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Where would we be in a Post-Mormon society?

August 12, 2009

Many of our heritages are distinctly tied in with Mormonism. We have been raised Mormon, or perhaps we converted into Mormonism, or perhaps we simply married with it. Regardless of how we got into Mormon society, we became heirs and adoptees to nearly 200 years of Mormon subculture.

And many of us have not wanted that weight.

We have not wanted to continue with the foundation that was not what we thought (or were even taught) it was, or of the continuation of that foundation that reveals itself (for us) to be something distasteful to us. So, in our own ways, we have begun to travel outward. We have become disaffected, ex-, former-, or post mormons, and while we are prefixed Mormons (always ex- or former-, never just Mormon), certainly, the root of our experiences and a vital part of our lives is still Mormon (always, ex- or former- is followed by Mormon).

Sometimes, we want to escape. We want to leave. But we can’t, because many of us live in Mormon societies and non-Mormon societies (where our residual Mormonness is actually too much to blend int)…But what would happen if we lived in a truly post-Mormon society? Or a society where Mormonism itself had never entered the stage?

Needless to say, all of us would be tremendously different. We wouldn’t have the same unique quirks about us, and we might not have some of our hangups.

But this wouldn’t matter, because we wouldn’t care or recognize it. After all, we would have no scale to compare with — asking what it would be like to be Mormon in a post-Mormon world would be like asking what it would be like to be a hsafuuei on planet Kidu!dixu.

And perhaps…we might like that, if we can compare it to how we are now. We might say…we would never have been “deceived,” and therefore, we would never have been “betrayed” by the church.

yet…it is absurd. For we would still be deceived by something and we would still be betrayed by something. Because deception and betrayal aren’t the products of LDS, Inc., AT BEST, they are subleased or on time share. In fact, life includes strife, anxiety, deception, and betrayal. We can never live these things down unless we run away from life.

But even more importantly, if we were in a Post-Mormon society, we would lose our identities. Some may say they wish it could be so — after all, why be Post-Mormon and deal with the marginalization when you can just be regular and fit in?

And yet…do we even think about how much we are defined by this? I imagine…what would happen if I met chanson on the street (whether offline or virtual) in a post-Mormon society? She would be a stranger, because there would be no immediate cause for kinship. We wouldn’t have this vantage point of Mormonism and our experiences in or out of it to discuss. And this raises a bigger question…Letters from a broad would not even exist in its current capacity, and neither would Irresistible (Dis)Grace or any other blog. So, how would we connect. (Perhaps it would be from some other interest, some would say…but it’s not the same! Indubitably, we’d meet others so it’s not like we’d be all alone…but it wouldn’t be the same.)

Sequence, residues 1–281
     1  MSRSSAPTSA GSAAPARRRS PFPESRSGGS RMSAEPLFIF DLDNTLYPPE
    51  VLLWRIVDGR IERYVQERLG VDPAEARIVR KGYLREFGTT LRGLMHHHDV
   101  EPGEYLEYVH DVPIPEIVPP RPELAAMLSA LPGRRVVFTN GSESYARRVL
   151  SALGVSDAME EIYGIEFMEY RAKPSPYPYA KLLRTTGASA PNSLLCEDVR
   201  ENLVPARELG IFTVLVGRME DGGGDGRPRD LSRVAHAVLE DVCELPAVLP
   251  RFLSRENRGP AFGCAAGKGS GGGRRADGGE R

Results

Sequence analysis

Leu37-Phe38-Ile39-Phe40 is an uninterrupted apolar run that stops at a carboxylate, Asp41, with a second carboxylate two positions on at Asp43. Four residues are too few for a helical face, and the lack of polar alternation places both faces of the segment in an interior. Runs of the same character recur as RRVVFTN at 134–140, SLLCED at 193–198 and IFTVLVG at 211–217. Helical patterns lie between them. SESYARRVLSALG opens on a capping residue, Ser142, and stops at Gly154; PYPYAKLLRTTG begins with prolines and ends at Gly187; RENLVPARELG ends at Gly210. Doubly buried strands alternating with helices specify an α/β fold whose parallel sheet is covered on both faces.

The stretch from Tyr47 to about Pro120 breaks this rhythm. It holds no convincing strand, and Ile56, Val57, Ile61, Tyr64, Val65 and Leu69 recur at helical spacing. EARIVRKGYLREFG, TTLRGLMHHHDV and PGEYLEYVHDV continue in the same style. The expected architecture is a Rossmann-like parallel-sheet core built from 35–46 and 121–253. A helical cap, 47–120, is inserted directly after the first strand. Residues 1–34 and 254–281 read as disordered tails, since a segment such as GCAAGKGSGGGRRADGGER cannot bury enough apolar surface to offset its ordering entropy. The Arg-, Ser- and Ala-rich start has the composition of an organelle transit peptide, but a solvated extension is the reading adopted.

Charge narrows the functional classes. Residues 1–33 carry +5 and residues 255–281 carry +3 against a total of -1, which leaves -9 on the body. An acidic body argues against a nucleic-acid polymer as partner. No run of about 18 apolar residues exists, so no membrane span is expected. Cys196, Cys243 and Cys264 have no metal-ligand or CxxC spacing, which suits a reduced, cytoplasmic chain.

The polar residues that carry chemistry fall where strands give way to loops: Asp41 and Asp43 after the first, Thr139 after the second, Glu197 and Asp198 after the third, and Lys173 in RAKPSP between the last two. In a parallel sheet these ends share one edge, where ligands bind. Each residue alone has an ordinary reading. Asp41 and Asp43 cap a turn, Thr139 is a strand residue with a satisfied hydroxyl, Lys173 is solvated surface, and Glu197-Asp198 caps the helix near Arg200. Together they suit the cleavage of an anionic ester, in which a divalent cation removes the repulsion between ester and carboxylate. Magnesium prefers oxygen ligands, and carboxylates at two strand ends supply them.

So, when I hear of parent and future parent ex-Mormons discussing that they just want their children to avoid being hurt, to avoid the indoctrination, to avoid the cognitive dissonance, to avoid the possibility of broken family…I understand and empathize with this. But at the same time, I become a little bit frightened, for that immediately suggest children who will grow up never understand what their parents went through, and who go through different struggles the parents likewise cannot relate to.

As much as I would like to protect everyone from the struggles I have faced (especially with and around the church), I too recognize that the struggles were part of what have made me stronger. When I try to pre-emptively defend otherwise, it is from a malicious concept in my mind — it is because I know that some people collapse under the weight of it all and I feel that others are not strong enough to get out alive. I try to make myself trust in the strength of others to face adversity, so they can progress, but then I wonder if adversity through Mormonism is best, or even noble. Or: even if I trust in the strength of others, why should I encourage them to purposefully test their strength in this way?

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2 Comments
  1. That is the great question. Life will always be unfair and you will always get hurt no matter what you believe or do. The rain falls on the just and the unjust. So how do we bridge that divide between us and our children who will not share in our experiences in the church? How do we impart our heritage and history without the indoctrination that many of us dislike?

    We all have traits that temper our lenses to imbibe the world in particular ways. Male/female, black/white, Mormon/non Mormon, our experiences will always be different even in the same situations. I don’t have the answers. I don’t know. What I suppose is important is that we attempt to connect in other ways in our mutual exploration of this amazing world…or something like that 🙂

  2. Interesting post! When I think of how my grand children will view me from a completely non-mormon perspective (I left the church when I was 38), I suspect it will be in much the same way that I view my great grandmother who was the 3rd wife in a polygamist marriage. I can’t really understand what she went through, even though I try.

    My grand children will not completely understand what I went through growing up in the mormon church, but I hope that they will appreciate what I did to pass on to them at least one _less_ piece of baggage.

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